The point to this?
If you have a previous generation engine and want to provide advice to someone with a previous generation engine, go for it. But your advice for a previous generation engine, provided to a DI engine user, is coming from a place of misplaced wisdom.
There are probably tens(hundreds?)of millions of DI engine users that know and care nothing about any of this, get their oil changed irregularly, or not at all, and live their lives. If you care about what you drive, like probably most of us on here, I am just throwing this out there. If you want to argue with me, don't. I am not going to.

getdown


Edited by bigj_16 (12/15/17 12:28 PM)

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#4604433 - 12/15/17 12:19 PM Re: The Great Generational Divide [Re: bigj_16]
PimTac Offline


Registered: 03/04/17
Posts: 4648
Loc: Soviet State of Washington
I thought for a moment this was about human generations.

The Mazda is our first DI engine and thanks to the information I have gleaned from here, I am going to use dexos 1 gen 2 oils. I donít have a turbo but the benefits are clear to me. Why not use the latest formulations in these new engines?
_________________________
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Valvoline Advanced Synthetic 0w20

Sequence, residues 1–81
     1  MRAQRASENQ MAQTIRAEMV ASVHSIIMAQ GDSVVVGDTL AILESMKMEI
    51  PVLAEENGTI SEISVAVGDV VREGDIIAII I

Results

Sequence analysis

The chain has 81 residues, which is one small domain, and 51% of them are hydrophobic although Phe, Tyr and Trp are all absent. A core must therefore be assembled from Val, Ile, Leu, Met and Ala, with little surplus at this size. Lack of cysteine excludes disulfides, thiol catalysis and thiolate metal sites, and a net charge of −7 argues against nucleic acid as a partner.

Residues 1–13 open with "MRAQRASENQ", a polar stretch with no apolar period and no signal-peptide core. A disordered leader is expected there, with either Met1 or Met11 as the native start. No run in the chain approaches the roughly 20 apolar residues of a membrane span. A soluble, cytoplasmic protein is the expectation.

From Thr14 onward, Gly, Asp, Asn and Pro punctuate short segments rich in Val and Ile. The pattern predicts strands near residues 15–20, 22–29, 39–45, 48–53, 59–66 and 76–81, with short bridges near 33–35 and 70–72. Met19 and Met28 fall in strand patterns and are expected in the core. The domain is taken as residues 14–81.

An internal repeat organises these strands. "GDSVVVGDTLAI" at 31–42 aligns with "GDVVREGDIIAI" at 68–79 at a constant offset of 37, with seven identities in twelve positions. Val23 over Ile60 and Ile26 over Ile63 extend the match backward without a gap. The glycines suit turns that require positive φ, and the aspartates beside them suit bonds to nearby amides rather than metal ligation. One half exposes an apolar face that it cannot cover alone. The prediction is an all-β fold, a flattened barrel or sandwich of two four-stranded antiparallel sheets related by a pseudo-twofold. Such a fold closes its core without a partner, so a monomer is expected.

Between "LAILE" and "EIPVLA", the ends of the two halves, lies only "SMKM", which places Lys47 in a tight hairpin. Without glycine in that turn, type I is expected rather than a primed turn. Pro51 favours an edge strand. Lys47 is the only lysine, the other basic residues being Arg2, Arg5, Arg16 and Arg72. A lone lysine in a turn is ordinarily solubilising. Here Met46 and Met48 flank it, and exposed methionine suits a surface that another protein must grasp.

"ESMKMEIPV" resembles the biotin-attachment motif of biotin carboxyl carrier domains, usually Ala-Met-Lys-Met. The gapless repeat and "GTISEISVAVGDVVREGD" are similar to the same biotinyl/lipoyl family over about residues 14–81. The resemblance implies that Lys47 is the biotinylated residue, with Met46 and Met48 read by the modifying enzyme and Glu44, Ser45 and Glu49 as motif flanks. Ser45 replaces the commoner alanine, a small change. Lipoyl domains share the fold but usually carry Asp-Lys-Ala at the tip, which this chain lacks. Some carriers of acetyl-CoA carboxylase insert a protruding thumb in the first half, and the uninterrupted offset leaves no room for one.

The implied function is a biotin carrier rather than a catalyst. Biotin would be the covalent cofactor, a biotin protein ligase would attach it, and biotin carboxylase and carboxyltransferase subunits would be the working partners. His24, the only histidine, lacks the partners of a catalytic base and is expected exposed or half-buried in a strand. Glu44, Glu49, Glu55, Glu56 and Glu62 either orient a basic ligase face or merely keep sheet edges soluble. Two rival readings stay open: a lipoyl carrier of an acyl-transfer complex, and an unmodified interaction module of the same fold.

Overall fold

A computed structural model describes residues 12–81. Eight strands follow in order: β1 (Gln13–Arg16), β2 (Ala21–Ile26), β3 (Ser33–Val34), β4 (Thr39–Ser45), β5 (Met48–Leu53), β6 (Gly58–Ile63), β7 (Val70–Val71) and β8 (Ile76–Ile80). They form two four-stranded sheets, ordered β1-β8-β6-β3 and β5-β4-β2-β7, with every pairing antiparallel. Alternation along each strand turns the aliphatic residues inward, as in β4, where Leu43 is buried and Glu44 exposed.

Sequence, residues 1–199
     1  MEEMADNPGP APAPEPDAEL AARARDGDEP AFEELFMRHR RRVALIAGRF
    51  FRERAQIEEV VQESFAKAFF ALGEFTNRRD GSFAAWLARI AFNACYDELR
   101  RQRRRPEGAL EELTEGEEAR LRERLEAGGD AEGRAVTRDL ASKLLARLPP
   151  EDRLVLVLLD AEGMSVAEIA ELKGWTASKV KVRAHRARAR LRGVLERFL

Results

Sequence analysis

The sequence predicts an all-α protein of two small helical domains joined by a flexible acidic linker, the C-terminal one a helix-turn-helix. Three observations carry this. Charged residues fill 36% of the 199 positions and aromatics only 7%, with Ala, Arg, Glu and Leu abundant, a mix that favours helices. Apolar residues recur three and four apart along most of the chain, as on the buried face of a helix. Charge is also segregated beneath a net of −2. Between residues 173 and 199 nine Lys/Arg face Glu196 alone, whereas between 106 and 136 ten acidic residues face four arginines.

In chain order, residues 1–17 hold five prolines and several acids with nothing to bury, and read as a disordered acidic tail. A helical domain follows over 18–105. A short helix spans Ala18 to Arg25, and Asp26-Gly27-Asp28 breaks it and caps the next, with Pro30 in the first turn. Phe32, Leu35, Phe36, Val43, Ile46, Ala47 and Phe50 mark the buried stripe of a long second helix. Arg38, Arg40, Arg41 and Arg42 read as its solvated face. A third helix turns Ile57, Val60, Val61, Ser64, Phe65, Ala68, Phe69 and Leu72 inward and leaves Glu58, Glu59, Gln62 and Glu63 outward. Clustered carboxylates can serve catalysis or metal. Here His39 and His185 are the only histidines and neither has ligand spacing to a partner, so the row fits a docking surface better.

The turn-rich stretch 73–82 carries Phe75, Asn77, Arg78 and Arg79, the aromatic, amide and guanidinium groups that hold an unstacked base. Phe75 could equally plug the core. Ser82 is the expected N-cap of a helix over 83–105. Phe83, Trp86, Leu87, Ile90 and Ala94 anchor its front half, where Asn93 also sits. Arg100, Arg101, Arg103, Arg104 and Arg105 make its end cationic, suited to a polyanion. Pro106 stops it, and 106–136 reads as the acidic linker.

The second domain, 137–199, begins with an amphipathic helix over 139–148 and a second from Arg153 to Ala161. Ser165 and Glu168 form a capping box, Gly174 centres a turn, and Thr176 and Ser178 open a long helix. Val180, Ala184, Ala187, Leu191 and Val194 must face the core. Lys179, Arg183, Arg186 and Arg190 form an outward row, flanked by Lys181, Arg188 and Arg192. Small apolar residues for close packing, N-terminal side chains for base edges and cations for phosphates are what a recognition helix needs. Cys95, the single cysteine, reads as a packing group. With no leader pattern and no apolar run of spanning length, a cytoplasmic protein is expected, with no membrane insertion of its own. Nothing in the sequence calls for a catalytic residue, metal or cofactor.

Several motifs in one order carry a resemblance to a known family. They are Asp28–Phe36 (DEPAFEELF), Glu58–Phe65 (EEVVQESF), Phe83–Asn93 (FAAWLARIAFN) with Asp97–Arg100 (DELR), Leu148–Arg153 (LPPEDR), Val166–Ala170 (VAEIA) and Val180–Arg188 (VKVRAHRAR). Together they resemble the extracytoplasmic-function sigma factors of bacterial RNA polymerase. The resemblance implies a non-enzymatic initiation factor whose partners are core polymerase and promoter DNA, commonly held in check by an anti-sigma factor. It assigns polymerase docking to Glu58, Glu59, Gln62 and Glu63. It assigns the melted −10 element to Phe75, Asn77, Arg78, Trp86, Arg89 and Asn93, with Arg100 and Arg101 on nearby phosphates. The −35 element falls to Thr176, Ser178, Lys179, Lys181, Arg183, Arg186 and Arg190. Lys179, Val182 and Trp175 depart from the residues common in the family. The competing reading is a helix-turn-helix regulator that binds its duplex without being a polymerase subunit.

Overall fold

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#4604439 - 12/15/17 12:27 PM Re: The Great Generational Divide [Re: bigj_16]
Virtus_Probi Offline


Registered: 06/25/15
Posts: 4068
Loc: New England
One thing I would add to the very good OP is that I believe higher ZDDP concentrations can also help limit LSPI events...hard for formulators to use this to fight LSPI due to numerous standards geared towards cat protection, of course.

http://www.infineuminsight.com/insight/nov-2016/quenching-low-speed-pre-ignition
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#4604441 - 12/15/17 12:28 PM Re: The Great Generational Divide [Re: bigj_16]
wemay Offline


Registered: 04/04/12
Posts: 8999
Loc: Southeast Florida
Very nice post, OP.

...and to your point on some of this:



_________________________
17 Sonata Sport 2.4L
NAPA Full Synthetic 5w20 | OEM

13 Santa Fe Sport 2.0T
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#4604446 - 12/15/17 12:31 PM Re: The Great Generational Divide [Re: Virtus_Probi]
bigj_16 Offline


Registered: 07/03/17
Posts: 1291
Loc: Douglas County, Colorado
Originally Posted By: Virtus_Probi
One thing I would add to the very good OP is that I believe higher ZDDP concentrations can also help limit LSPI events...hard for formulators to use this to fight LSPI due to numerous standards geared towards cat protection, of course.

http://www.infineuminsight.com/insight/nov-2016/quenching-low-speed-pre-ignition

You are right. ZDP does lower LSPI incident, but has other issues. It looks like the New Amsoil Signature D1G2 really pushed the limits in every additive category, going just to where they could, without causing any harm. Of course, it is still expensive. smile

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#4604447 - 12/15/17 12:31 PM Re: The Great Generational Divide [Re: bigj_16]
wemay Offline


Registered: 04/04/12
Posts: 8999
Loc: Southeast Florida
Originally Posted By: bigj_16